Thanks to all readers who have the patience to wait out my vacation and come back to read this week's blog resumption.
On May 10, my younger son came home for a visit. Months after he received approval for his request for leave and after I already purchased nonrefundable tickets, a sergeant nixed his leave. To be polite, we were displeased. My boy petitioned the base's commanding officer who restored his leave. Many thanks go to the commanding officer of Joint Base Elmendorf-Richardson for enabling our son to come home. I hadn't seen Brian since November 2017. He flew back to Alaska on Friday, May 24.
On Mother's Day, May 12, my older son graduated from the University of Dayton with a bachelor of science in mechanical engineering. He moved back home and will again leave in late June for his new job in South Carolina.
On May 13, I celebrated my 53rd birthday. 'Nuff said there.
On May 14, our llama passed away. Booboo was 19 years old and quite the best llama ever. He came to us, a broken down wreck from years of neglect, and showed the county what such a decrepit creature could do. His stellar disposition paired him with disabled children in 4-H who always--always--brought home ribbons when they showed him. We'll miss the old gentleman.
On May 17, Brian and I went to the training stable to visit Diva, the horse I purchased last summer. To put it simply, the trainer did not uphold her end of the agreement and the visit was horribly disappointing. After eight months of training and an investment of nearly $10,000, I have put Diva up for sale. If anyone is interested in an equestrian challenge, I have the perfect horse for you. Contact me and let's make a deal. I will trade her for a mature, sane, sound, well-trained horse (Morgans and Arabians preferred). Diva comes home on May 30, because there's no use in throwing good money after bad to a trainer who doesn't do as promised.
On May 22, the lovely Lady Anastasia, my 34-year old mare, gave us a scare. You know that ominous feeling of dread when you step into a room and know something very, very bad has happened? Yeah, that feeling. I had that feeling when I stepped into the barn that morning. Stasia was down, cast against a stall wall, exhausted. We called the veterinarian to deliver a final mercy. However, the veterinarian could not come immediately, which gave Stasia sufficient time to rally. My husband and older son rolled her over. Stasia summoned the strength to stand. At her ancient age, the end for Stasia will come soon, but it would not come that day.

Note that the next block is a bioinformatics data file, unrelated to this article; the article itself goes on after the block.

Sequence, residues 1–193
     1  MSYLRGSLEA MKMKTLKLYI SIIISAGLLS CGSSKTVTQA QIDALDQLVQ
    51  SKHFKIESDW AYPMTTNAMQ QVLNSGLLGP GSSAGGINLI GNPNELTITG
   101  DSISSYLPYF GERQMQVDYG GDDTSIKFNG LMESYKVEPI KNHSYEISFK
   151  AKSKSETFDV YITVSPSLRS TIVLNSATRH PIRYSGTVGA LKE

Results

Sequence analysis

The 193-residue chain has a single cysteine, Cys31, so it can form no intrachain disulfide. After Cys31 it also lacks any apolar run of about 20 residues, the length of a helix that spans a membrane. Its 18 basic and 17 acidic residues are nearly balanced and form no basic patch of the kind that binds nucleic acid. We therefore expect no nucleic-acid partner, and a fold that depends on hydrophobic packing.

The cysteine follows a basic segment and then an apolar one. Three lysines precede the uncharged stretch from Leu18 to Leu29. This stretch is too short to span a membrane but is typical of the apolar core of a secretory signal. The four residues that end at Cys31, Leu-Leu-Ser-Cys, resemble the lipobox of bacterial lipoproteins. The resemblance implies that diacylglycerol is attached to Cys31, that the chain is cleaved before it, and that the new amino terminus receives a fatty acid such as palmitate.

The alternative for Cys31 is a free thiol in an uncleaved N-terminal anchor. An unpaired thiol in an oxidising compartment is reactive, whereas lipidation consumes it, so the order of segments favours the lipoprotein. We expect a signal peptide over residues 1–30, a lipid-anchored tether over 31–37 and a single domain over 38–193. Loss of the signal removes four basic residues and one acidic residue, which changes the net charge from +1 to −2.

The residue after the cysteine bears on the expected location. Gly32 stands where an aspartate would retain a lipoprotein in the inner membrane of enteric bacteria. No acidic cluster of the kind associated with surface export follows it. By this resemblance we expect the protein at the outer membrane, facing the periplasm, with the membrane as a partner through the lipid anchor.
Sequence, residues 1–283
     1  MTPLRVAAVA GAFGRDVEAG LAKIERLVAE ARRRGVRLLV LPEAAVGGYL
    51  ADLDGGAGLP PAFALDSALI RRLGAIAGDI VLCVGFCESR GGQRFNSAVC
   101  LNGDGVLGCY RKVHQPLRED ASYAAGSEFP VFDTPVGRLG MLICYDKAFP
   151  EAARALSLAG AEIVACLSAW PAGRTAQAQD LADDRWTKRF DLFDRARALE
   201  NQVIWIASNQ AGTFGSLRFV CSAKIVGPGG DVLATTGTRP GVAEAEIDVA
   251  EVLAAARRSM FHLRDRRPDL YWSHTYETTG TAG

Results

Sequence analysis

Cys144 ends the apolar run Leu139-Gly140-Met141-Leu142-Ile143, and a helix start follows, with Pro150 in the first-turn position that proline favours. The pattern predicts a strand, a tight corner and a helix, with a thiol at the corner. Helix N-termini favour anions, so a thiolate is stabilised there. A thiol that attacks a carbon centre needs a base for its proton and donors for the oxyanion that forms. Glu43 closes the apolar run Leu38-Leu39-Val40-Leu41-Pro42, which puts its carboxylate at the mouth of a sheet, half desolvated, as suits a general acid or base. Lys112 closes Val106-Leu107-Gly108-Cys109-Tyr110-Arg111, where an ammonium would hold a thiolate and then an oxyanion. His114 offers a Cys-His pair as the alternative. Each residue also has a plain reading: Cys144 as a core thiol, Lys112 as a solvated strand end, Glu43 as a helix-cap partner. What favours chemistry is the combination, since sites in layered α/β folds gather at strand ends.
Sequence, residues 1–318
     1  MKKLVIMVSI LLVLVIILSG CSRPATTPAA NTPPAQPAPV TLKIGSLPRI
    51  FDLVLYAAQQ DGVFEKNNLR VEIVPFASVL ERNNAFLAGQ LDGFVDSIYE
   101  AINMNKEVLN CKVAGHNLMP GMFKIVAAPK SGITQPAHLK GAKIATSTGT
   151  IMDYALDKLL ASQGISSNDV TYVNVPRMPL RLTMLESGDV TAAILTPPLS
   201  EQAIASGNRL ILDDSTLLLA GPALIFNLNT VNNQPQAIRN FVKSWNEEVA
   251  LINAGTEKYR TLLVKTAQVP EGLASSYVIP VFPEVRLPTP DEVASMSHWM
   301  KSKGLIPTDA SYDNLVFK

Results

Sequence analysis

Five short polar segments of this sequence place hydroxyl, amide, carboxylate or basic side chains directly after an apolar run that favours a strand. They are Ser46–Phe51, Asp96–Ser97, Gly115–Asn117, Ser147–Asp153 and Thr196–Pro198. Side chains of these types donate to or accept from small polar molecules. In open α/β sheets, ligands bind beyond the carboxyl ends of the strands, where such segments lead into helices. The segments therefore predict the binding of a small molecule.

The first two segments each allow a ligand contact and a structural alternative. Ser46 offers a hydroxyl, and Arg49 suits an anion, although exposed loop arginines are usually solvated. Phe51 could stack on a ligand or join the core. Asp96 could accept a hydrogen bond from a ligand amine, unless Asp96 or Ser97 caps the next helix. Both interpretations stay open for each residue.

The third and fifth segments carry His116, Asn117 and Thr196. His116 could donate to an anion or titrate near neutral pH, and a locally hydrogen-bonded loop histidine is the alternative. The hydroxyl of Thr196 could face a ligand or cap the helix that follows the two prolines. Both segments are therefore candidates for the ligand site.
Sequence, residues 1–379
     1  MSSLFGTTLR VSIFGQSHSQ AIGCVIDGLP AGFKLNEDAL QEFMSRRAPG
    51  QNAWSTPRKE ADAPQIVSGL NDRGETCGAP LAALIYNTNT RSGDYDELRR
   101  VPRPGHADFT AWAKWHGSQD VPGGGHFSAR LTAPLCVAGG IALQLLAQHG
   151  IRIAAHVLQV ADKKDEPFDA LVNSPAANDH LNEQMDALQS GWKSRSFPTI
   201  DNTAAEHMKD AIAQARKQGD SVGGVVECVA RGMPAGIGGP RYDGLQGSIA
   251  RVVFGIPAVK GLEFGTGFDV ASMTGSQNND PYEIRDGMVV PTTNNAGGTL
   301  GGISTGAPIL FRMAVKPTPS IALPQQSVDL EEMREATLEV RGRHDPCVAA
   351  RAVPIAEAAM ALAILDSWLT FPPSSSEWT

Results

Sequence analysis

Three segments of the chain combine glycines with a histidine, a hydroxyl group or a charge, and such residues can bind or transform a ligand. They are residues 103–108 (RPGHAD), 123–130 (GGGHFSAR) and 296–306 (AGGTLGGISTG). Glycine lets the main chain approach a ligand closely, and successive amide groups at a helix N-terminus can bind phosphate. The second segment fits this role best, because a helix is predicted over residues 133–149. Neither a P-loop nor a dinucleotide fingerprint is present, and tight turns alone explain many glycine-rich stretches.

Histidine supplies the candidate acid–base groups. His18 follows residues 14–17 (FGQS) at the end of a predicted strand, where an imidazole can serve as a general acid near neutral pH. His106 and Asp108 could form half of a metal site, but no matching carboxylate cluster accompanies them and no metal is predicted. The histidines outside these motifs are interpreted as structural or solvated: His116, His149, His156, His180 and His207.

On May 24, I finished my latest manuscript. Well, the draft. Now it goes to my editor whose digital red pen will hemorrhage all over it. If she can edit and I can revise quickly enough, The Eagle at Dawn, will be released in time for Independence Day reading. This story will be the fourth book in the Immortal Shifters series, following Bear of the Midnight Sun. As always, each book in any series I write can be read as a standalone novel.
The next project--I'll keep everyone updated--will be another collaboration with Russ Towne. We enjoyed the last one so much, we decided to do it again. This will be a collection of western romances. Look for PG-rated romance set in the 19th century American West. I also have a more story ideas simmering on the back burner, one of which will likely follow Triple Burn. The other may be a May-December romance, or as younger readers may know as an older man-younger woman romance.
During the past couple of weeks, my husband and I have enjoyed being a family again; however, soon we'll have the quiet of an "empty nest." Once I manage to transfer Diva to someone else who can handle her (which isn't yours truly), I'll begin looking for another horse: something quiet, sedate, and well trained. I no longer want a challenge when it comes to horses.
Don't forget to check out my upcoming events. I'll be at the Author's Best Book Fest on June 14-15 in Matteson, IL. August has two events scheduled: the Summer Book Fair and the Mid-Ohio Indies Author Book Expo. In October, I'm returning to the Imadjinn Book Fair & Expo, held in conjunction with the Imaginarium Convention in Louisville, KY. My first excursion to the Imadjinn Book Fair & Expo was both expensive and disappointing, but I've heard it's really improved and hope that a second try will justify the excursion. Registration for the 2019 Summer Book Fair, which will again be held at Mother Stewart's Brewing Company in Springfield, Ohio, is open. Author tables are limited, so any author who wants to participate should register quickly!
Now that I'm back to work, I'm accepting new clients for writing and editing projects. Anyone looking for someone to write blogs, newsletter articles, case studies, white papers, fiction, etc., please contact me. Review my online portfolio of business-oriented projects. Feel free to check out client testimonials. Anyone seeking a detail-oriented, thorough editor, please contact me. I particularly enjoy working with new(er) authors to help whip their manuscripts into shape.
So, welcome back to my blog. Check out my catalog for some summer reading. Drop me a note. I like hearing from people.
Hard boiled, scrambled, over easy, and sunny side up: eggs are the musings of Holly Bargo, the pseudonym for the author.
Looking for a place to swap blogs? Holly Bargo at Hen House Publishing is happy to reciprocate Blog Swaps in 2019.
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